CNBC’s poll confirms the consensus view that election results are likely to shift the control of the House to the Democratic Party. Most investors believe this is already discounted by current stock prices. Nevertheless, if the Democratic Party wins the House of Representatives by a large margin we think the recent lows will be tested and this will be followed by six months or more of a range-bound market between the October lows and the September/October highs. Fundamentals will drive stock prices in the subsequent six months and investors will wait for better than expected earnings to drive stocks higher.
Legislative gridlock is usually viewed favorably by investors, but the US Constitution requires that all bills regarding taxation must originate in the House of Representatives. The House Budget Committee has the power to spend, collect revenue, and borrow money for the US government and the House Ways and Means Committee is the chief tax-writing body. A Democratic-run House would likely shift the chairmanship of the Budget Committee from Republican Steve Womack of Arkansas to Democrat John Yarmouth of Kentucky and the House Ways and Means Committee chairmanship would shift from Republican Kevin Brady of Texas to Democrat Richard Neal of Massachusetts. In our opinion, it would take at least six months to see how House Democrats use their legislative advantage and whether Democratic leaders act upon their threats of fiscal policy changes and attempts to impeach President Trump. Either way, it could bring Washington DC to an uncomfortable standstill. What would weigh heaviest on the equity market would be if Democrats try to rewrite or repeal the Tax Cuts and Jobs Act of 2017. Although a repeal of tax reform is unlikely to pass the Senate, it could still make investors defensive.
Democrats are not apt to gain control of both houses of Congress, but if they do, we believe stocks have downside risk to the October lows or more. Our reasons are again financial since the possibility of the Tax Cuts and Jobs Act of 2017 being repealed increases. Also, under this scenario, the 2017 tax cuts could be replaced by tax hikes in 2019. Recent gains in real personal disposable income, due to lower tax rates, low inflation and modest wage gains have been one of the bright spots of 2018. It would be unfortunate if these income gains were reversed.
If the Republicans were to retain control of both houses or possibly gain seats in both bodies, we would expect stocks to rally. In the longer run, our 12-month SPX target of 3150 could prove to be conservative. Along with millions of Americans, we will be monitoring election results, but it is possible that many elections will be too close to call by Tuesday evening. If so, it could be a long nervous week for investors.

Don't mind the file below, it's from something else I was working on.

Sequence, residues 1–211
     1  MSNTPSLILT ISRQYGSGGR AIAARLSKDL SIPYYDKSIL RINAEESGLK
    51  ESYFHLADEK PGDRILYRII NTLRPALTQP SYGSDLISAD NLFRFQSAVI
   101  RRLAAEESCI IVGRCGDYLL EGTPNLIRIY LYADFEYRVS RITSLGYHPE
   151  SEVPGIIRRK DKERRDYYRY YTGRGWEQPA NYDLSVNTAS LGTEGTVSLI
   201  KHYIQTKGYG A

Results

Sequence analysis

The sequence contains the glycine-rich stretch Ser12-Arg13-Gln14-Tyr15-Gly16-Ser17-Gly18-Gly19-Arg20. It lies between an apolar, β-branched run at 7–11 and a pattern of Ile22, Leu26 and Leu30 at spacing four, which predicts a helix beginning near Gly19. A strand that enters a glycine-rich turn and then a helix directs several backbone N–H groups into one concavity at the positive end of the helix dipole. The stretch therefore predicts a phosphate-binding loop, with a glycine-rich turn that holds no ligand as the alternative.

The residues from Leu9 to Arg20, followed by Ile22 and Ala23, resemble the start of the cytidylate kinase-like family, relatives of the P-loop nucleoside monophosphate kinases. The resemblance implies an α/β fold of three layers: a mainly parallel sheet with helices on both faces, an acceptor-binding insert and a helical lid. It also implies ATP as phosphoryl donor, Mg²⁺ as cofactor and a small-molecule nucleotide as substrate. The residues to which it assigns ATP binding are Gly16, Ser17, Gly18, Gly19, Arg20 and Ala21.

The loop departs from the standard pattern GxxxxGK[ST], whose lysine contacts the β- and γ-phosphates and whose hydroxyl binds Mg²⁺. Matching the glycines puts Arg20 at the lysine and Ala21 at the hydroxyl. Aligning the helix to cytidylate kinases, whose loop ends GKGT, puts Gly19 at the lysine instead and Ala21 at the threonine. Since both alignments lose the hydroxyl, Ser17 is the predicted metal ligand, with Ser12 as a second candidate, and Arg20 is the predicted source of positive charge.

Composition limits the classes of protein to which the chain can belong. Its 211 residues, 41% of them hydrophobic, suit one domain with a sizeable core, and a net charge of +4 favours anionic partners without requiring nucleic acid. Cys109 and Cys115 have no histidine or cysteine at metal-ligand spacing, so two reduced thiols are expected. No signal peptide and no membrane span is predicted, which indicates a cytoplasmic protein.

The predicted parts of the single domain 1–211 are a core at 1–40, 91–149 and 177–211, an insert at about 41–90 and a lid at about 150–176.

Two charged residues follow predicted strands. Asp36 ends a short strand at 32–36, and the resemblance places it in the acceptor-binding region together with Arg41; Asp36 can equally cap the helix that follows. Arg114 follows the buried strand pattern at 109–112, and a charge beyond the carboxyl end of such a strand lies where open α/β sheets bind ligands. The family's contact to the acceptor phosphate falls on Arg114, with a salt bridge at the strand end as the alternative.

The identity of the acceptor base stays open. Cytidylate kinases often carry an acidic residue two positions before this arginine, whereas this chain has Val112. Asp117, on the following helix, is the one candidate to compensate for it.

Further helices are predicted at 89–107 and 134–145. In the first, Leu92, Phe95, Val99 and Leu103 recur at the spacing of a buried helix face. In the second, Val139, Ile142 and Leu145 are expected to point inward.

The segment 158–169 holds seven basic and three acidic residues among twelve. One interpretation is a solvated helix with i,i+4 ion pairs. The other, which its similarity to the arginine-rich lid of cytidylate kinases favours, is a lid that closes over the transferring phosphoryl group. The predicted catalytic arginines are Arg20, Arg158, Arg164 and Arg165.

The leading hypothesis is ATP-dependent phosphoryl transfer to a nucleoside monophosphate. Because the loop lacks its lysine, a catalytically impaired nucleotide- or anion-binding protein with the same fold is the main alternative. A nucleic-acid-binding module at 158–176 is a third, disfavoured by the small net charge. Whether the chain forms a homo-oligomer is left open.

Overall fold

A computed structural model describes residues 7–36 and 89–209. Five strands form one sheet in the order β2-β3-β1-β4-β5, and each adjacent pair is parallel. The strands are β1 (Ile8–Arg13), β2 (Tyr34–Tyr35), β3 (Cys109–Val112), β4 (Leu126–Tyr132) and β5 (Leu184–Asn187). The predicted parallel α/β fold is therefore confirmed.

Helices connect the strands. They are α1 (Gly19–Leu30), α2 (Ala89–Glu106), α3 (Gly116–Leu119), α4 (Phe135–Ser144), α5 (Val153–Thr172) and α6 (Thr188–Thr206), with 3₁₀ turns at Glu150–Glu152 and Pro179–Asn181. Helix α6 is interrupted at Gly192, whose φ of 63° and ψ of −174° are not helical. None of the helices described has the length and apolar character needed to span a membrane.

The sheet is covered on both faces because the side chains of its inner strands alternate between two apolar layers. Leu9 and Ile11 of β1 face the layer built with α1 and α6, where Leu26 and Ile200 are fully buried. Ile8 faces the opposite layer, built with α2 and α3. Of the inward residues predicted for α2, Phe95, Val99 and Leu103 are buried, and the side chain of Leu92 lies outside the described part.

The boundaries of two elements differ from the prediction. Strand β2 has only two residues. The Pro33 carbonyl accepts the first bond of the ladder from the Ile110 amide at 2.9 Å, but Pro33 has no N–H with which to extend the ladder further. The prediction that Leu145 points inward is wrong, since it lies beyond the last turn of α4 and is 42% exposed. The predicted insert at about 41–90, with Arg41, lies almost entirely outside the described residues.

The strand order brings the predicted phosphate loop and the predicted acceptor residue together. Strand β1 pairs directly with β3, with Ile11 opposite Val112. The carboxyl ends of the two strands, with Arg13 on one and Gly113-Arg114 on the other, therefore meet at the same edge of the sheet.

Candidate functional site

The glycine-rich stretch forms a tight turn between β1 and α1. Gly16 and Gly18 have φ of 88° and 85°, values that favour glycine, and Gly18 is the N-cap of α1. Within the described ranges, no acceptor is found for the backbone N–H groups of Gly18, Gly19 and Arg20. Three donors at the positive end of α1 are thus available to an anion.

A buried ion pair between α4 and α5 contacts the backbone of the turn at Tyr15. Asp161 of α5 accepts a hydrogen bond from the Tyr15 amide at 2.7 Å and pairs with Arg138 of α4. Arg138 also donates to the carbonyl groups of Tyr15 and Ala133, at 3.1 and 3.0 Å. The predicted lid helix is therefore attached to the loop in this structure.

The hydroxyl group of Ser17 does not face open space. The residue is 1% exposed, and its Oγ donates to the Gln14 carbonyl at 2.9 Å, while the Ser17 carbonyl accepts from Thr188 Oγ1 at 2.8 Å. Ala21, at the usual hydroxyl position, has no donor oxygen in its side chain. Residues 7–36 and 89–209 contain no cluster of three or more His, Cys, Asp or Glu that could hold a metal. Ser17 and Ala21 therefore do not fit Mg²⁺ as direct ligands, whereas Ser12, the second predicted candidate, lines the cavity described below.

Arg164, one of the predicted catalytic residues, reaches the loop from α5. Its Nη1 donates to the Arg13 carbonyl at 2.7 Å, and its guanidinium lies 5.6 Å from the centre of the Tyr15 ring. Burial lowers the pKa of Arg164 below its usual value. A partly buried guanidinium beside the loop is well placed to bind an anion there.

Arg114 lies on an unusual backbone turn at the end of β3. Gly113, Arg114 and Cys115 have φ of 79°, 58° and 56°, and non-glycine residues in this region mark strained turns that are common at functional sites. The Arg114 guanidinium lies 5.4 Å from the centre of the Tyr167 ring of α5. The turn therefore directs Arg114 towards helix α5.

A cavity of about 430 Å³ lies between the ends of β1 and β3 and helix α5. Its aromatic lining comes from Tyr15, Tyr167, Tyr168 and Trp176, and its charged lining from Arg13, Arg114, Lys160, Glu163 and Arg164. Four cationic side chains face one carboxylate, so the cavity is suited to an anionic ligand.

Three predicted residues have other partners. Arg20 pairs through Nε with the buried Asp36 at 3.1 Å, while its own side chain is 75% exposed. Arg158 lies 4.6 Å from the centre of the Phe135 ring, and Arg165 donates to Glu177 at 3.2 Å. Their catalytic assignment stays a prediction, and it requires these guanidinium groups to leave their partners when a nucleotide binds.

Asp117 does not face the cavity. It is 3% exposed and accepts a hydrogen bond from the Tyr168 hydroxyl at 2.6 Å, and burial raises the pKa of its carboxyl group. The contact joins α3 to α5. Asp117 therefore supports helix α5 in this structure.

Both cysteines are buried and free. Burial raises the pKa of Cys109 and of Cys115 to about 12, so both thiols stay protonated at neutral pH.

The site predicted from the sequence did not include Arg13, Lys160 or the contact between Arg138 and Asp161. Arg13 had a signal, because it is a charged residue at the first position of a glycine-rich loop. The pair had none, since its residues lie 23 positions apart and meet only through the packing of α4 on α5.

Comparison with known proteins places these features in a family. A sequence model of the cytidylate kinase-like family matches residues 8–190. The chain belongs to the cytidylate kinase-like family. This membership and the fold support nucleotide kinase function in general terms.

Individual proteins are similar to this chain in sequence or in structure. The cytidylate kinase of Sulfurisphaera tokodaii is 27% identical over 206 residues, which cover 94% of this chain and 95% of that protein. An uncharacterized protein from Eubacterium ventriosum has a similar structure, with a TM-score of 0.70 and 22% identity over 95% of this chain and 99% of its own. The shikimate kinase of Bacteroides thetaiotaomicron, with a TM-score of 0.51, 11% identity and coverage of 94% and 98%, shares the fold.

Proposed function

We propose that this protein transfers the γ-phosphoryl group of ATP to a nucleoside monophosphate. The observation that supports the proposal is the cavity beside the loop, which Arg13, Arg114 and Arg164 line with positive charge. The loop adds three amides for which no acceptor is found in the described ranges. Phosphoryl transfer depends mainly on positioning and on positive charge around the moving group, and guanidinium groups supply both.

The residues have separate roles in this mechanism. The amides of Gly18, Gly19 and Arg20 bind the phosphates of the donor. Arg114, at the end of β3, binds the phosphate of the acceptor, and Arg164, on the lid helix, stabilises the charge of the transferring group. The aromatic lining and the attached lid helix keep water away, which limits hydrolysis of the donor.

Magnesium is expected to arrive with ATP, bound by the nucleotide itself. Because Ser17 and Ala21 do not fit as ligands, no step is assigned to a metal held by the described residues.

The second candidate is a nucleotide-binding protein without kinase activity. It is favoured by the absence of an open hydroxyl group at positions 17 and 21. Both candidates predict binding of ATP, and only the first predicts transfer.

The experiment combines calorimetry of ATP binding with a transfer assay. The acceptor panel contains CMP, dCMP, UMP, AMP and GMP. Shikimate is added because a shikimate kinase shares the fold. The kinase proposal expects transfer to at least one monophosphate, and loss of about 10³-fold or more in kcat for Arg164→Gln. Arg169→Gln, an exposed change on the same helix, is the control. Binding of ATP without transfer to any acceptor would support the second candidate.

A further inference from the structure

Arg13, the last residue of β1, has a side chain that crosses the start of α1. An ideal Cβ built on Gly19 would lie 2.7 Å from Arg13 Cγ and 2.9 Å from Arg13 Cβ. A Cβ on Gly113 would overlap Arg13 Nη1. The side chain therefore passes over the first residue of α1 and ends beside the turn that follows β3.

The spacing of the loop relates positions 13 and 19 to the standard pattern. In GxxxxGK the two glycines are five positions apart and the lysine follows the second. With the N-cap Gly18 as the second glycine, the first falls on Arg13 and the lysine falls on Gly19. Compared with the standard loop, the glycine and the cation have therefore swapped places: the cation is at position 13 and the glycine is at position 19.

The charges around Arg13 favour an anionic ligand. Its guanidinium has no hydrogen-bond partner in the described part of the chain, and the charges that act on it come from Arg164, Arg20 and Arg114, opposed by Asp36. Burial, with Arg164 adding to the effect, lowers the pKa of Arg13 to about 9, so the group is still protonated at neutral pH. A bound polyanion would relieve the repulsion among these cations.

The Economy is Just Fine
October’s total nonfarm payroll increased by 250,000 jobs and the unemployment rate was unchanged at 3.7%. This was a solid report despite the fact that Hurricane Michael created havoc in the Florida panhandle at mid-month. The establishment and household surveys showed total employment increased 1.7% YOY and 1.77% YOY, respectively. This was just below the long-term average for the establishment series, but well above the long-term average for the volatile household survey. In sum, it was a good report. See page 3. But the best news was found in wages. October’s average hourly earnings for production & non-supervisory employees rose 3.2% YOY, the highest since April 2009. Average weekly earnings rose to 3.4% YOY for all private industry employees, which was the highest since August 2007. In short, wages are experiencing the best momentum seen in this economic cycle. See page 4. Other positive signs for households are found in the misery index — the sum of inflation and the unemployment rate – which was 6.1% in October and well below the long-term average of 9.3%. Note that October’s 6.1% is well below the 7.4% seen before the 2014 midterm election. The Conference Board’s Employment Trends Index was 110.72 in October. This was down slightly from August’s record 111.27 but still pointing to good momentum in the job market. See page 5.
According to Thomson Reuters IBES, third quarter earnings for the SPX are expected to grow 27.5% YOY, or 24.1% excluding the energy sector. This 27.5% estimate is up from the 21.6% reported on October 1. Third quarter revenues are forecasted to increase 8.4% YOY, or 7.3% YOY excluding the energy sector. This 8.4% estimate is up from the 7.4% YOY revenue increase forecasted on October 1. In sum, SPX earnings continue to exceed expectations in the third quarter and are a source of underlying support for the US equity market. See page 7.
Good News Bad New Crude Oil
Crude oil prices are falling and much of this is due to reports that US crude production hit a record 11 million barrels per day in August. The US is also the world leader in dry natural gas production. A shale revolution has helped push US crude production to record highs, rivaling top producer Russia and outpacing Saudi Arabia. We believe these lower oil prices are positive for the inflation outlook, consumers and the Fed since it reduces pressure on the Fed to raise interest rates. See page 8.
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I, Gail Dudack, hereby certify that all of the views expressed in this report accurately reflect my personal views about the subject company or companies and its or their securities. I also certify that no part of my compensation was, is, or will be, directly or indirectly related to the specific views contained in this report.
“Overweight”: Overweight relative to S&P Index weighting
“Neutral”: Neutral relative to S&P Index weighting
“Underweight”: Underweight relative to S&P Index weighting